Nutrition during pregnancy influence the future health of the child
The mother's diet during pregnancy can affect the health of the baby, even years later. To understand this "nutritional programming", and can potentially enable the early prevention of certain metabolic diseases, several teams of researchers working on what they call the "fetal origins of adult disease".

A link between maternal nutrition during pregnancy and child health
A study of survivors of the famine that struck the Netherlands in 1944-1945 was particularly shown that when pregnant women had suffered famine, their children were more likely to develop type 2 diabetes, obesity, hypertension and cardiovascular disease.

The subjects of the cohort affected by famine Holland are still followed today and interesting results still be obtained. Researchers have recently shown by example that subjects exposed to malnutrition before birth, ie during the first 16 weeks of gestation, prefer to eat fatty foods, which could increase their risk of high cholesterol if these foods are high in saturated fats and trans fats. These people also tend to be less physically active.

It is clear from this research that changes in nutrition at certain stages of pregnancy may give very different results for child health. Currently, two projects funded by the European Union, the EDEN study (Study of the determinants of pre-and postnatal development and child health) and the EARNEST project (Project on early nutritional programming) bend detail on these issues.
What aspects of development and health programming nutritional influence it?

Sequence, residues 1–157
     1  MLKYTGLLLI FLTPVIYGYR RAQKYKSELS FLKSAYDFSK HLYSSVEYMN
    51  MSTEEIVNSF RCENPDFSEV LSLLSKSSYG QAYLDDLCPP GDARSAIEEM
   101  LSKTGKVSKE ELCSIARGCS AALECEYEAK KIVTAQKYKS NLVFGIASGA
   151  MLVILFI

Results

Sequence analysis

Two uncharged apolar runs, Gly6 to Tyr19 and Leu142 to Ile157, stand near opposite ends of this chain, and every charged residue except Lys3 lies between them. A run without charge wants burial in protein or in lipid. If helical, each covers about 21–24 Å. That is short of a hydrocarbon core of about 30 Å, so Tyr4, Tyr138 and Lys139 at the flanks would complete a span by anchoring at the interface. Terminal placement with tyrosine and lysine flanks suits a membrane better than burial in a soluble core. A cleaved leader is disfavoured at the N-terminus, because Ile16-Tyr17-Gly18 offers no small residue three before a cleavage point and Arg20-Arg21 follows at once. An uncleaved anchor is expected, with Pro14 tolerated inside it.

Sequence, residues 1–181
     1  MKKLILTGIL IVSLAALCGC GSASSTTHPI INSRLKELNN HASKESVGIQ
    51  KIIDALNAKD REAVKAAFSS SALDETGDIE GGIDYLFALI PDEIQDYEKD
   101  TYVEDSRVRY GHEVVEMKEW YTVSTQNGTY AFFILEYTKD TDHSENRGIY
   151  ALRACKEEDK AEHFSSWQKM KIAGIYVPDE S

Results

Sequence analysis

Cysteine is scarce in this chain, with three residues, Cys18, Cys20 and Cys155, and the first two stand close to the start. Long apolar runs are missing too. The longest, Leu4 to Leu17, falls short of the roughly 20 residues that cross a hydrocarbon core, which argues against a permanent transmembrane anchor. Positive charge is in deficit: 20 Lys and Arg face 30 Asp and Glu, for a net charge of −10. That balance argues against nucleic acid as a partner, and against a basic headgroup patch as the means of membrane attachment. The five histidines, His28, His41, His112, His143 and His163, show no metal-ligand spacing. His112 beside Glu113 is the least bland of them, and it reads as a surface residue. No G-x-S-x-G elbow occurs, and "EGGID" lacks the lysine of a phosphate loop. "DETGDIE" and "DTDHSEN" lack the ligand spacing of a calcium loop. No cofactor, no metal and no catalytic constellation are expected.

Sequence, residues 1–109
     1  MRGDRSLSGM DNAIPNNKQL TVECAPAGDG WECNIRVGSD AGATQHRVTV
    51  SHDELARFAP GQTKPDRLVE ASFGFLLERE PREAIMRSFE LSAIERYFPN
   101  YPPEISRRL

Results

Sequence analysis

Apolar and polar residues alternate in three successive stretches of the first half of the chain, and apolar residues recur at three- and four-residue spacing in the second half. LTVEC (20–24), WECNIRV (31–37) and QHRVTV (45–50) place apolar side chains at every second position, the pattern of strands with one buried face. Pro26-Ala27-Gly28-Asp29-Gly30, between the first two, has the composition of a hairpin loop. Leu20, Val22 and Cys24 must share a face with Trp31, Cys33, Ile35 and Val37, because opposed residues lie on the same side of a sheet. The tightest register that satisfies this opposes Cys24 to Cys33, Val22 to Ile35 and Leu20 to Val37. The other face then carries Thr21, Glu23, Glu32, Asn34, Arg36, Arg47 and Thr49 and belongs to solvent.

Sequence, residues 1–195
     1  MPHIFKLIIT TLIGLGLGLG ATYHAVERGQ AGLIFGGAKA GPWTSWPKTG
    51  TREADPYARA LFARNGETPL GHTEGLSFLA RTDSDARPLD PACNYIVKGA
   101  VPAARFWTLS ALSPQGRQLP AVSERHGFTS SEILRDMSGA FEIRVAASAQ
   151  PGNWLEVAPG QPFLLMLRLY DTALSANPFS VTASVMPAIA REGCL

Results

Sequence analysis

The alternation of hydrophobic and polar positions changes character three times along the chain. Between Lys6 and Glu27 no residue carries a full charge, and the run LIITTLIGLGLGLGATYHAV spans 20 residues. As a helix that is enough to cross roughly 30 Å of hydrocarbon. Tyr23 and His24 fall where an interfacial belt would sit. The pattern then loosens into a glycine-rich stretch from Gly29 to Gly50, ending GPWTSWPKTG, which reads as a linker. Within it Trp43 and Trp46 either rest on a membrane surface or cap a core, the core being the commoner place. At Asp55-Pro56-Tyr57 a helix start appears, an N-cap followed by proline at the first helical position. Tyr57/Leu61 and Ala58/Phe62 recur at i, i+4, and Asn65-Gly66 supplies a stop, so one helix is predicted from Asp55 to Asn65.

Several aspects of health and well-being of infants appear to be influenced by the nutritional status of the mother's weight before pregnancy and weight gain during pregnancy. These phenomena affect the baby's size at birth and the risk of prematurity. We know, for example, according to several studies, a low birth weight is associated with an increased risk of cardiovascular disease.

A study conducted in the project EARNEST reveals a balanced diet during pregnancy, including good sources of omega-3 (fish oil such as salmon, herring and mackerel), can protect some degree of chronic diseases like asthma and possibly have a beneficial effect on the immune system.

Other studies have shown that high intakes of omega-3 during pregnancy favor the growth of the baby before birth and reduce the risk of prematurity. However, these studies did not take into account the body mass index (BMI) of the mother.

Health in adulthood could be determined to some extent by nutrition during infancy. Breastfeeding is best for the baby for a number of psychological and physiological reasons. Studies have shown that breastfed infants were less likely to become obese in adulthood and that 5 to 7 months of breastfeeding seemed to produce the most favorable results. This observation supports the recommendations of the World Health recommends that exclusive breastfeeding during the first 6 months of life.

Barker DJ. (1997) Fetal nutrition and cardiovascular disease in later life. Br Med Bull 53:96-108

Lussana F, Painter RC, Ocke MC, Buller HR, Bossuyt PM, Roseboom TJ. (2008) Prenatal exposure to the Dutch Famine is associated with a preference for fatty foods and a more atherogenic lipid profile. Am J Clin Nutr 88:1648-1652

Drouillet P et al. (2008) Maternal fatty acid intake and fetal growth: evidence for an association in overweight women. The 'EDEN mother-child' cohort (study of pre-and early postnatal determinants of the child's development and health). Br J Nutr 101:583-591

Olsen SF, Salvig JD, Mortensen LM, Rytter D, Secher NJ, Henriksen TB. (2008) Fish oil intake compared with olive oil intake in late pregnancy and asthma in the offspring: 16 y of registry-based follow-up from a randomized controlled trial. Am J Clin Nutr 88:167-175

O'Tierney PF, Barker DJ, Osmond C, KAJANTIE E, Eriksson JG. (2009) Duration of breast-feeding and adiposity in adult life. J Nutr 139 (2): 422S-5S

WHO (2001) The optimal duration of exclusive breastfeeding - a systematic review. Available at:


Post a Comment

Type your comments here


My Favorite Links!